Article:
Now this is really not the place to start with John. We all fall into childhood sometimes, and he, too, seemed to decide that he had enough of making good music and fell into the world of political battles and demonstrations. (I heard he even wore Mao Zedong badges at one period, but that’s another story). Anyway, this album is nothing but a bunch of rather lame political protest songs with straightforward dumb lyrics. Even worse, about half of the songs are sung by Yoko – a crazy experiment which would unfortunately be repeated eight years later. And even more worse – and I know that’s grammatically incorrect, but I can’t say it any other way – even more worse, this is a double album, with the second one constituting the infamous ‘Live Jam’, parts of it being the same kind of friggin’ ‘experimental’ live jams that are so abundant on John’s early albums. In other words, keep your head down folks. Namely, there’s a century-long version of Yoko’s ‘Don’t Worry Kyoko’ that’s energetic but doesn’t go anywhere in particular and even some collaborations with Zappa (God save Oz!) ‘Scumbag’ is the most atrocious of the lot, with John and Frank singing this obviously mystical word for about six minutes and asking their audiences to participate. If you happen to get this album on vinyl, just burn the second part of it on the spot. And don’t even think about buying the double CD for a ‘nice price’. I have a bootleg copy with most of the crap edited out, but I’ve heard the complete version, and looking at my bootleg copy makes me all the more happy.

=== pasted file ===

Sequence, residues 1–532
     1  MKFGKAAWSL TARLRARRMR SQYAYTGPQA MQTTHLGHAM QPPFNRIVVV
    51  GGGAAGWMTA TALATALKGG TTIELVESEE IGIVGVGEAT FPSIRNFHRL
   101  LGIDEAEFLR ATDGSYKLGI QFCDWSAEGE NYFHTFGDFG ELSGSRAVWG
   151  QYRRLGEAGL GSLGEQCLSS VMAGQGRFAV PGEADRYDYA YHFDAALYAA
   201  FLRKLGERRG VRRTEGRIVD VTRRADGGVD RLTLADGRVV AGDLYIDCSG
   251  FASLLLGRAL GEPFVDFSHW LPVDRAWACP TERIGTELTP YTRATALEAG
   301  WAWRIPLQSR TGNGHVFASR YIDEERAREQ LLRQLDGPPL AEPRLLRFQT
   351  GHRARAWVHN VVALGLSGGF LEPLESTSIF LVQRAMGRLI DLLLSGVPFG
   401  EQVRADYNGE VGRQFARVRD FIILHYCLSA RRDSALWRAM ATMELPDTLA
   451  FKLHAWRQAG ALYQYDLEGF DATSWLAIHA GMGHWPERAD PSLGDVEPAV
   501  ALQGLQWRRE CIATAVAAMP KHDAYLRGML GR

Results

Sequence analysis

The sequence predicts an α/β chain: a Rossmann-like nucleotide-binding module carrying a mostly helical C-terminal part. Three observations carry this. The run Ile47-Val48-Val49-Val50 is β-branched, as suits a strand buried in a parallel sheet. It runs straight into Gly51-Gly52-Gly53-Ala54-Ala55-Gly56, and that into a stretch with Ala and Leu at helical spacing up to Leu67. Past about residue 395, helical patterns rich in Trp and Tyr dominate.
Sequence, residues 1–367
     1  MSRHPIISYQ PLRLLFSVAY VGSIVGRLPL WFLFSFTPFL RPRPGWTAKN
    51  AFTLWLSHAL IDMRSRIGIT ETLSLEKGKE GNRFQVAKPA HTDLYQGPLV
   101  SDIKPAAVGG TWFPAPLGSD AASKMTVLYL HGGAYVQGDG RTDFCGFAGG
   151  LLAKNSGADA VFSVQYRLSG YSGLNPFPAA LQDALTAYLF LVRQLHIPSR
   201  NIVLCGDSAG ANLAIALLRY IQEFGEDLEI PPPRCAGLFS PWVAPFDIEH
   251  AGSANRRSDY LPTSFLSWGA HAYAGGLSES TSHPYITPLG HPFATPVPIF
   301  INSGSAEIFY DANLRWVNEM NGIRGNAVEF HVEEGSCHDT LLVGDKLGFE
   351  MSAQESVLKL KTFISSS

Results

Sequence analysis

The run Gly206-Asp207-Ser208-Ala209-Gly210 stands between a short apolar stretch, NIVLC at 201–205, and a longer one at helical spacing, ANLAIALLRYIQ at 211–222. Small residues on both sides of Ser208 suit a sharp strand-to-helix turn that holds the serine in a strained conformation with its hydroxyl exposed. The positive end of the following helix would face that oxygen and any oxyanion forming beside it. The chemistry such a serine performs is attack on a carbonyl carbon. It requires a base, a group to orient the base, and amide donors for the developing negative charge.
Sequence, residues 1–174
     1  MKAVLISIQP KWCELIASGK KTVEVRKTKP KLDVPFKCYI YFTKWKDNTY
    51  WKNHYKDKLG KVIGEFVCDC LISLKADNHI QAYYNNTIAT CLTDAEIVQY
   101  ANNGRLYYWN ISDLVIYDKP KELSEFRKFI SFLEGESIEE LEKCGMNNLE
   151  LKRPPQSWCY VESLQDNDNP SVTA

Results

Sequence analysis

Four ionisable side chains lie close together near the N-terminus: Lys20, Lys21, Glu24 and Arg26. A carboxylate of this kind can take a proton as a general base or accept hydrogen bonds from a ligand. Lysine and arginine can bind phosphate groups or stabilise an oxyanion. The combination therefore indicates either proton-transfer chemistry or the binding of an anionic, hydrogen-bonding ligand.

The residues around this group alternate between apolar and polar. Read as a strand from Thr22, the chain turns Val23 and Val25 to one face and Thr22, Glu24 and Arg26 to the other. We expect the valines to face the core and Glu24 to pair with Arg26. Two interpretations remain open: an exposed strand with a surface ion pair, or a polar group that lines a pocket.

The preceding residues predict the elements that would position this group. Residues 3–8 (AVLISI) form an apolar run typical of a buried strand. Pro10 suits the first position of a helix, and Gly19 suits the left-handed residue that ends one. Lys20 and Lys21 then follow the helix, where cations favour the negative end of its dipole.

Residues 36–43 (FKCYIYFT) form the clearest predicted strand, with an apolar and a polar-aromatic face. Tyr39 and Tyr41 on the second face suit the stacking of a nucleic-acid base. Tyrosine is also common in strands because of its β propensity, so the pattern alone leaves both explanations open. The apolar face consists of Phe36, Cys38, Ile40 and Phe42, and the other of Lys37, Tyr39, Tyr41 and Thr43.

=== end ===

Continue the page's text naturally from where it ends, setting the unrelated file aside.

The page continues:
For the record: if you did buy the double CD, at least you might be consoled by the fact that the second disc has a passable, although overlong live version of ‘Cold Turkey’, as well as an old blues number with John in top form (‘Well (Baby Please Don’t Go)’). Even though the Lennon Anthology has a far superior studio version. On second thought, out of all the versions of ‘Cold Turkey’ I’m familiar with, this might just be the gloomiest and wildest, with Lennon throwing a series of virtual fits on stage that hasn’t ever been surpassed. And the instrumental backing from the Elephants Memory Band is gritty and crashing. Okay, do not burn this album, but don’t think too high of it, either. It’s truly an unpleasant “nostalgic” return to the crazyass days of 1969.